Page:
“She got married to that, you know, that Sultan,” Annie blurts out. “To save her whole Jewish people. Esther! That’s it, yes, Esther.”
“So how do you imagine God, Annie?” I ask her.
“It’s like, you know, well it’s like when you’re a child and you’re falling, but you know for sure that someone is going to catch you.”
“Oh …,” Witch groans, throwing her head back. “I wish I had a man who would just say, “Okay, that’s it! Stop injecting right now!” I might quit. I might have a baby.”
“What crap,” Misha comments almost unnoticeably, not looking round from the cooker. Every time he speaks it comes as a surprise. His minimal movements are so practised they seem automatic. You feel he isn’t quite present in the kitchen, that you can see through him, that Misha is the invisible man.
“D’you mind me asking you something?” Sveta enquires. “Why aren’t you scared of us? People don’t want to touch us. They’re afraid to shake hands.”
“We’re HIV,” Witch says challengingly. “We might decide to infect you.”
“Well, I’m not planning to drink your blood,” I joke, but they don’t find that funny. Neither do I. Actually, I am very much afraid of them, especially of Misha’s tuberculous breath.
Witch pours me some tea and I drink it, my lips barely touching the smooth rim of the mug. I feel as if, gulp by gulp, I am drinking in their HIV and tuberculosis.
“We only have two options: prison or the next world,” Misha mutters grimly. “Nothing else. We’re at a dead end.”
“There are three,” Witch wheezes. “Cold turkey.”
“What’s the point?” Misha asks. “You can’t run away from yourself.’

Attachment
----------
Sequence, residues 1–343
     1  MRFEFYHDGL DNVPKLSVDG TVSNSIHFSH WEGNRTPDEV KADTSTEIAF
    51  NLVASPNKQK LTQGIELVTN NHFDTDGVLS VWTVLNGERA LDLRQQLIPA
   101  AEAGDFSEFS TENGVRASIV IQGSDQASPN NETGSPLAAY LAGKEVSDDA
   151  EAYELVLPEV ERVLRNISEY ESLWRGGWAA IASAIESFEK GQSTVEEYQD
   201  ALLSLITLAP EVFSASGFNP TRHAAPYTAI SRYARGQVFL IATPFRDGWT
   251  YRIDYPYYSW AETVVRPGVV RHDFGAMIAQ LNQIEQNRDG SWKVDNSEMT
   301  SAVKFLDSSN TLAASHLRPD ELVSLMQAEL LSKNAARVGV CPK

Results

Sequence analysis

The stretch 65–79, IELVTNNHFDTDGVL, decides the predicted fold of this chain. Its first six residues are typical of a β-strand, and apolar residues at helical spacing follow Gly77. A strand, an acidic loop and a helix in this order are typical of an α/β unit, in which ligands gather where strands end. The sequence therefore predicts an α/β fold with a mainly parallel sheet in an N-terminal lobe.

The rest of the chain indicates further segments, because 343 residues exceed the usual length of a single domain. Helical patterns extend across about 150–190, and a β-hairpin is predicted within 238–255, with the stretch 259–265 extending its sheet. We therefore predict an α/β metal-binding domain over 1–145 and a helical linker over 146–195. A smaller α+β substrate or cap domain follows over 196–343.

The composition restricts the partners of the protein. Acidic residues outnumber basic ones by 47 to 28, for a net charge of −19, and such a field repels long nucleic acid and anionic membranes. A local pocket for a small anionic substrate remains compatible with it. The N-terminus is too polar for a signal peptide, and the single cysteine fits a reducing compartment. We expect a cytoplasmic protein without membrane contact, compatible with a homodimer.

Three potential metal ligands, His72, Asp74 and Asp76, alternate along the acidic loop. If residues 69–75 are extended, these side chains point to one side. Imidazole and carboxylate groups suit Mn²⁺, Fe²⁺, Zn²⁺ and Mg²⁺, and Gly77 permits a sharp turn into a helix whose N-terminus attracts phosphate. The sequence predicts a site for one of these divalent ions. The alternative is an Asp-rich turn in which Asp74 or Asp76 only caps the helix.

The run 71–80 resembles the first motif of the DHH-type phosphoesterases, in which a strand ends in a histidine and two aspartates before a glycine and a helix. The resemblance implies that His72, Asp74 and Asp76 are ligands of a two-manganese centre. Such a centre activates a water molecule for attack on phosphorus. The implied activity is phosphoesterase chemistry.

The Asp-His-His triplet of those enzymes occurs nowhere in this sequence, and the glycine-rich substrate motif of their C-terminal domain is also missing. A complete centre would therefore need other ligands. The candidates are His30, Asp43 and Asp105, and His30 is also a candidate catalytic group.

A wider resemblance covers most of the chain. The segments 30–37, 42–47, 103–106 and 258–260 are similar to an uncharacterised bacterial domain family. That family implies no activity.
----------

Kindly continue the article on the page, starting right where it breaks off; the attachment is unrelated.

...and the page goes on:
“He’s right. He’s right,” Annie and Sveta chime in.
Witch slithers down the wall, turning her wrists out and, planting her two enormous feet on the floor, slides from one side of the windowsill to the other. She clutches at the handle on the window frame, puts her full weight on it and stops, collapsing to her knees. Opening her eyes and still hanging on to the handle, she stares at the pattern on the blue curtain. Her eyes come to life and she leans closer. What is she seeing there? Witch grimaces and her centre of gravity seems to shifts to her eyes. Her body falls forward but the point she is looking at on the curtain seems to hold her up.
Sveta is lying on a narrow bed with her hands behind her head. Misha is probing her armpit and a vein swells under his fingers. Sveta’s face swells too and her eyes run over the blue wallpaper. Misha inserts the needle into the vein, pushes the plunger, and forces dark yellow liquid into her armpit.
“You doing it?” Sveta asks, frowning. Misha nods. Her face quickly relaxes and for a moment there is astonishment in her eyes. “Oh, is that how it can be?” Her eyes dim and stare glassily at the wallpaper.